• May develop ARDS

   – Signs & Symptoms
      • Stridor / Hoarseness / Facial burns / Singed nasal hairs /
        Carbonaceous sputum / Impaired level of consciousness
      • S/S of deteriorating ABGs & increasing respiratory distress
Estimation of Burned Area
                 Rule of 9’s
•   Head and neck…9%
•   Each arm………..9%
•   Each leg………..18%
•   Anterior trunk…..18%
•   Posterior trunk…18%
•   Perineum………...1%
         Lund and Browder
• Designed
  for children
• Larger heads
• Adjustments
  based on growth
Pharmacology
            Induction Medications
      Hemodynamics                             Medication
             Stable                          Propofol / STP
        Questionable                             Ketamine
           Unstable                             Etomidate
Remember – medications may be more potent and have a prolonged effect in
the burn patient.
           Muscle Relaxants
• Anectine – safe in the 1st 24hrs (afterwhich
  hyperkalemia may be a problem up to a
  year or the burn is healed)

• Non-depolarizers – burn patient’s tend to
  be resistant to the effects of non-
  depolarizing muscle relaxants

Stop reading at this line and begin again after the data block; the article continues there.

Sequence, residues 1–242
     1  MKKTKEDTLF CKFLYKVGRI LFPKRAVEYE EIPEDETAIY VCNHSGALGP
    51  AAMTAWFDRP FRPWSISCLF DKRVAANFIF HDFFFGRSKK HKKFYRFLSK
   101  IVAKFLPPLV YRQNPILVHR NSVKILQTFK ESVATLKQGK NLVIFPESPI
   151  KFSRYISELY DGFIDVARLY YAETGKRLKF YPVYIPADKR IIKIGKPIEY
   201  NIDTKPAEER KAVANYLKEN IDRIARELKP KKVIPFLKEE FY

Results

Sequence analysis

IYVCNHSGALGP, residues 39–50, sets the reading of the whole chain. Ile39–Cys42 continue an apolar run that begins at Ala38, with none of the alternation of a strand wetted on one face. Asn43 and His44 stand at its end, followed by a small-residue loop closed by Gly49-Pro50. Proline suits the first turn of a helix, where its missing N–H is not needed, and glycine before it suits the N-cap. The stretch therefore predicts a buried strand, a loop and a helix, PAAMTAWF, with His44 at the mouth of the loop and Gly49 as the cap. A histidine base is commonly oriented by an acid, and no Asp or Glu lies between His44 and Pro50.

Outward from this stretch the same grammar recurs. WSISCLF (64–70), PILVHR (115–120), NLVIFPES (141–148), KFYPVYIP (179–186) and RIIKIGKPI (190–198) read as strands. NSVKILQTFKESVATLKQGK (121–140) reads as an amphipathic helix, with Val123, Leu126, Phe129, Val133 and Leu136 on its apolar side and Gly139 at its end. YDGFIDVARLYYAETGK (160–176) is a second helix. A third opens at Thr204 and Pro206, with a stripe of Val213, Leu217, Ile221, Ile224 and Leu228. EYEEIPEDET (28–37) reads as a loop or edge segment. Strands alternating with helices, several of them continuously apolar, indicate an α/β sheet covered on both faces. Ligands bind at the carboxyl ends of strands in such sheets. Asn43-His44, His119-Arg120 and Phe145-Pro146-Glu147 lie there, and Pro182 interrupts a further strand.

• May need 2-5 x’s the normal dose!!!
Anesthetic Technique &
     Management
 Preoperative Evaluation & Testing
• Initial evaluation of the burn patient
  – Time of the injury*
  – Type (electrical / chemical), depth, & extent of
    burn
  – Airway / pulmonary damage
  – Age, allergies, medications
  – Associated trauma
  – Co-existing medical conditions
  – Anesthetic history
       Preoperative Testing
• Diagnostic Testing
  – ABG (w/ co-oximetry)  acid-base balance
  – Electrolytes  imbalances (hyperkalemia)
  – Serial Hct  ongoing blood loss or
    erythrocyte destruction / volume status
  – Coagulation Profile  rule out a bleeding
    diathesis
  – Urine Myoglobin (electrical injuries or
    pigmented u/o)
  – CXR
 Anesthetic Technique & Management

• Preop Meds
  – Provide adequate analgesia
  – Fluids
• Establish Adequate Vascular Access
  – Consider Invasive Monitoring
• Airway Management
  – Consider Alternatives to Direct Laryngoscopy
    • Awake FOB
 Anesthetic Technique & Management

• Ventilation
  – Increased minute ventilation
     • increased metabolic rate
• Fluids & Blood
  – Anticipate rapid, large blood loss
  – Evaluate coagulation status
• Temperature Regulation
  – Increase ambient temperature
  – Warm IV fluids
 Anesthetic Technique & Management

• Anesthetic Drugs
  – Include opioids
  – Consider effects of increased circulating
    catecholamines
• Muscle Relaxants
  – Avoid Anectine
  – Anticipate resistance to nondepolarizing
    muscle relaxants